Since then, many big cash grabbers of America's top corporations and law firms have either opened headquarters or offices here including Xerox; Honeywell; Dow Corning; at least two Wall Street law firms, Sullivan and Cromwell Wall, and Woods and Dawson; Time Life books, a division of American Telephone and Telgraph; Mobil Oil; Visa USA and scores of others. They're here to combat regulations from the Environmental Protection Agency, Occupational Safety and Health Administration, Energy Department, Federal Trade Commission, and at least 120 others. Nobody knows for sure how many agencies there are.

All this seriousness and work orientation has taken the fun out of the city, one old-time Washingtonian groused. The new people in Washington use the city only as a stepping stone to better things. There are too many Mercedes, but not enough real money.

"People are more educated, but they're not more sophisticated," NAM's Rettgers said. "People are trying to be something they're not. Nobody was born poor and no one came out of a ghetto," Rettgers said the new Washingtonians pretend. "This is a tinsel and phony town."

"There's a tremendous amount of money here (as opposed to) around the country," Rettgers said. "But there's a lot of debt. It isn't as friendly a town as it used to be."

Federal government and private sector salaries amount to "well over $1 billion in cash floating around Washington" at one time, a Metropolitan Washington Board of Trade employe said. And as a result, more places to spend that money have appeared such as two and possibly three Bloomingdales stores, I. Magnin and Neiman-Marcus as well as an assortment of shopping malls such as Mazza Galerie, White Flint, Lakeforest and the extension of Tysons Corner.

Friendly or not, Washington is big. Downtown Washington has expanded, from one real estate broker's estimate, into Crystal City and Rosslyn, almost to Georgetown, and is creeping past the formerly forbidden 14th Street. Washington, once considered to be dominated by government, now has more than half of its leased office space occupied by private industry. Washington has the highest percentage of office buildings built on speculation rather than actual construction orders than any other city in the country, one Washington expert said.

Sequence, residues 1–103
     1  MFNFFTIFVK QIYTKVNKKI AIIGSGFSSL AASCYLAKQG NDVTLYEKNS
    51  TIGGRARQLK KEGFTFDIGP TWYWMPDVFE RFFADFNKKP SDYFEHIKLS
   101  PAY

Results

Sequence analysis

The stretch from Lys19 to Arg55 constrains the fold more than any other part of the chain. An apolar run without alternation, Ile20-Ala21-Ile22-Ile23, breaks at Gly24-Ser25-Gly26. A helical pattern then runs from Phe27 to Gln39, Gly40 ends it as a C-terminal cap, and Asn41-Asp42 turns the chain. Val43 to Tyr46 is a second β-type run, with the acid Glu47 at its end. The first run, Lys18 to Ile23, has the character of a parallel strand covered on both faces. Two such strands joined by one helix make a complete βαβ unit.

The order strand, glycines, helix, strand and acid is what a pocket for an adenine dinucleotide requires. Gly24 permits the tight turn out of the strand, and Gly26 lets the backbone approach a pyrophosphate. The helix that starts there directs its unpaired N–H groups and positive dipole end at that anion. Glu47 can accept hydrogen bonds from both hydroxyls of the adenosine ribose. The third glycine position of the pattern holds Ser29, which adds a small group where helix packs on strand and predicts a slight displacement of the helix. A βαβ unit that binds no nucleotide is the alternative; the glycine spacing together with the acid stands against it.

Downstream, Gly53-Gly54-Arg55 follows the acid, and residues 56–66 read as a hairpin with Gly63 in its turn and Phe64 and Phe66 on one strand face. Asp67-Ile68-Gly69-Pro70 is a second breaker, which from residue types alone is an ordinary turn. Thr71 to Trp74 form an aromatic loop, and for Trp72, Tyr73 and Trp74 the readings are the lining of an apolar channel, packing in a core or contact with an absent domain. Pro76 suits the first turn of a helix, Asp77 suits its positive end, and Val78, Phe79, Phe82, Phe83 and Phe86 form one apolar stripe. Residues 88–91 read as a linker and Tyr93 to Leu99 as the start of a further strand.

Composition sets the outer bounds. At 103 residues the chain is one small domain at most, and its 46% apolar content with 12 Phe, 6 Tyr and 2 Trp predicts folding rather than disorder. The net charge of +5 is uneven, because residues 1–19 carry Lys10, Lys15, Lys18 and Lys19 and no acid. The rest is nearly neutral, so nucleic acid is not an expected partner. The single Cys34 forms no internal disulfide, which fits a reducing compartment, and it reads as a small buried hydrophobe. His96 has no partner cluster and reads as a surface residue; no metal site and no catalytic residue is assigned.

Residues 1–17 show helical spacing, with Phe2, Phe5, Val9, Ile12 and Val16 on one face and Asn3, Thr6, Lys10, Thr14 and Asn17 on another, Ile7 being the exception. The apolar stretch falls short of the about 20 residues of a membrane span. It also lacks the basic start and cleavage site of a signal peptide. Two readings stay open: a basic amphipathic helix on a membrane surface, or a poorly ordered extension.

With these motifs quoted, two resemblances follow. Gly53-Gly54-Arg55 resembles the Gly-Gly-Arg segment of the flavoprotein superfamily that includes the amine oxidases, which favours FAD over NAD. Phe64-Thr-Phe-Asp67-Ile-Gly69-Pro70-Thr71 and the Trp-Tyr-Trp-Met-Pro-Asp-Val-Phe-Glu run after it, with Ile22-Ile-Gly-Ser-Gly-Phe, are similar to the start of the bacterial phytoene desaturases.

Between March 1977 and March 1978 employment in the area increased by 27,000 jobs, but only 1,600 of those jobs were federal, the expert said. After the 1980 and 1990 censuses, Washington's Standard Metropolitan Statistical Area will increase by at least two counties, the expert predicted.

In the Washington area in 1960, 28 percent of the jobs were held by professional, technical, administrative or managerial persons, while that number jumped to 35 percent in 1970, 37 percent in 1974 and a projected 40 percent by next year. Federal military employment in the area is down by 28,000 persons since 1970 while it is up 18,000 in civilian jobs.

Another report, however, said the growth in the city is slowing down, but its outer fringes are expanding, a growth that "is strongly related to the economy of the Washington metropolitan area."

"The economy of the SMSA has continued to expand in the 1970s despite the great slowdown in its population growth," said the preliminary report by the Center for Municipal and Metropolitan Research. "Economic growth has continued partly as the result of changes in the composition of the area's population, employment and labor force."

All this, the report continues, has changed the face of Washington to one in which the size of households has decreased, more women are working, blacks and other minorities are experiencing upward job mobility plus there is "a proportionate increase in professional, technical managerial and administrative jobs."

"The rate of most of these changes seems likely to moderate during the 1980s," the report continues. "If this happens, and if population growth does not increase again in response to some presently unforeseeable national emergency, the result will be slower SMSA economic growth than in recent decades."

Expansion of residential growth outside of the metropolitan area, however "tends to draw economic growth away from the metropolitan area, deprive the area of transit ridership and revenues, increase state highway costs, add to non-point source pollution of the water supply, increase air pollution overall, increase per-capita demand for energy and remove jobs further from unemployed central city youth."

"People are coming, but people are also leaving," said the Federal City Council's Sparks. "The price of housing if forcing everyone out."

The new, more populous Washington is "good in a sense. These are generally people who are highly skilled, make good salaries, spend a lot of money. But they displace people and have some environmental impact."